Letter: Vail’s bighorn sheep are an asset | VailDaily.com
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Letter: Vail’s bighorn sheep are an asset

Thank you to the majority of the Vail Town Council that voted to protect our bighorn sheep herd from development by supporting condemnation of property at the north frontage road. Vail’s herd of bighorn sheep is an asset to the town, and Colorado Parks and Wildlife also deserves thanks for improving the herd’s habitat at the site.

The sheep appear happy, healthy and can be seen on the site from late October through May. The herd appears to have had at least 60 animals on the site at times, mostly ewes and young. Rams can be seen less frequently on the site and the rock outcropping south of the Vail golf course (hole No. 12) as well. Seeing these animals so closely from the East Vail bus has been known to cause multitudes of riders to move to the one side of the bus creating the feeling the bus may tip over. Children have jumped into stranger’s laps in order to press their faces to the window to get a better view of the animals. The best area to see the herd is on the east end of the nordic track where skiers, walkers and bike riders who happen to look up or have the herd pointed out to them are astonished and excited to see them so close.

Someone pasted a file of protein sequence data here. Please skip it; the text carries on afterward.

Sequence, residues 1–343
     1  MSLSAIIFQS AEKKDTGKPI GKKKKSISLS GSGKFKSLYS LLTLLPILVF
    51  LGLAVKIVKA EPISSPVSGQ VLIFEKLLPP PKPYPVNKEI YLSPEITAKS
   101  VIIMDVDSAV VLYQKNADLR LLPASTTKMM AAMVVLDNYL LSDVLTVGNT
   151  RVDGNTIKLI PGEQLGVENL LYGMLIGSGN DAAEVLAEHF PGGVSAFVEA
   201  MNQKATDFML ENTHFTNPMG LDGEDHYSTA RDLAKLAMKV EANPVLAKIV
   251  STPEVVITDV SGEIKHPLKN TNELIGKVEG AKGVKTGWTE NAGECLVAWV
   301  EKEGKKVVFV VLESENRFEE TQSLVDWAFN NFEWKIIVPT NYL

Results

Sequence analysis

Having a herd of bighorn sheep within our town’s borders is unique, and an asset to our community and guests. The herd’s presence is not a gimmick. The sheep are not a trick to get attention or an attempt to create a tradition — they are a very real part of Vail’s environment and many people find joy in seeing them. With continued pressure on habitat from development, seeing any wildlife at all, will only become more rare and precious.



Simply repeating the significant need for employees as a justification for negatively impacting our bighorn sheep ignores two important points: Vail Resorts owns a more suitable option for employee housing that is safe, walkable, convenient to all amenities with no need for a car and poses no harm to our sheep or environment and could easily integrate 165 employees, yet Vail Resorts desires to develop an isolated location requiring long trips by car or by bus to access all the town’s amenities in addition to the significant deleterious effects for our sheep and the environment. Secondly, the progress the town has made regarding increasing housing has been ignored, yet includes The Residences at Vail project currently in progress, expansion plans for Timber Ridge, a CDOT site for housing in East Vail, a permanent sales tax for funding and plans to improve downvalley transportation options.

Vail’s bighorn sheep herd is an asset and the animal’s presence should be celebrated, enhanced and shared with our community and guests. Vail Resorts has a more suitable option for housing its employees.



Donna Mumma

Vail


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